Antennas are everywhere: on radios, televisions, cell phones, computers, and wireless internet routers. Each is optimized for a specific frequency range, often in the megahertz or gigahertz. Normally, the time-reversal symmetry of electromagnetic radiation dictates that if an antenna can transmit efficiently at a particular frequency, it must be an equally good receiver at the same frequency. That reciprocity becomes a problem—and slows down communications—when antennas inevitably listen to the reflections of their own transmitted signals.
Now Andrea Alù and his colleagues at the University of Texas at Austin have designed and built an antenna that breaks time-reversal symmetry. Their device, shown in the figure, consists of two transmission lines (specialized cables that carry RF alternating currents) on a flat copper sheet. The transmission lines are interrupted by apertures spaced 2.6 cm apart, and under each aperture is a capacitor (not visible) whose capacitance changes as a function of the voltage applied to it. The static antenna can transmit and receive signals—with equal efficiency—at around 4 GHz. But passing a weak 600 MHz current along the device caused the capacitances to oscillate, thereby breaking the symmetry between transmission and reception. Under certain conditions, the antenna transmitted 50 times more strongly than it received.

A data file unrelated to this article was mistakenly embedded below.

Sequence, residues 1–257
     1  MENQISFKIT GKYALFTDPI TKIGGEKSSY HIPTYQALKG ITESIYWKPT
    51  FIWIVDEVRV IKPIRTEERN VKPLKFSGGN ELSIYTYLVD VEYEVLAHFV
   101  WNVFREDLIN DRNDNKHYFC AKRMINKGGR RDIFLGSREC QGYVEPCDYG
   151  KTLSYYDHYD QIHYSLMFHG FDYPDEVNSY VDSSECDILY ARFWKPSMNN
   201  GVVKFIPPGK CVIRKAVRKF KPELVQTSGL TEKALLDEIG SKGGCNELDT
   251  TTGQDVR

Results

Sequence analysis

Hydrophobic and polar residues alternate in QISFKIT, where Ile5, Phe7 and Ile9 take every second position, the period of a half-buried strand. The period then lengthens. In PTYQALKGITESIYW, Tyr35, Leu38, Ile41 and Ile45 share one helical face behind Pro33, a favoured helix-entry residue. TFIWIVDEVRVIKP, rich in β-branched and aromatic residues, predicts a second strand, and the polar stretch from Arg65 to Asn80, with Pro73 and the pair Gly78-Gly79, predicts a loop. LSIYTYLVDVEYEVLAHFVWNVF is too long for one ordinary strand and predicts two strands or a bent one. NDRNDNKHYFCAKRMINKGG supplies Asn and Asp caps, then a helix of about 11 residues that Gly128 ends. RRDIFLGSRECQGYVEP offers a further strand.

Alù and company hope to optimize their proof-of-concept antenna to achieve even stronger asymmetry. They also plan to explore whether similar devices could be designed for other regions of the electromagnetic spectrum. Photovoltaic and thermophotovoltaic cells, which harvest energy in the visible and IR parts of the spectrum, suffer the same symmetry that antennas do: A good absorber must also be a good emitter, so much of the energy that’s harvested is immediately lost. Nonreciprocal cells could yield higher-efficiency solar-energy conversion. (Y. Hadad, J. Soric, A. Alù, Proc. Natl. Acad. Sci. USA 113, 3471, 2016.)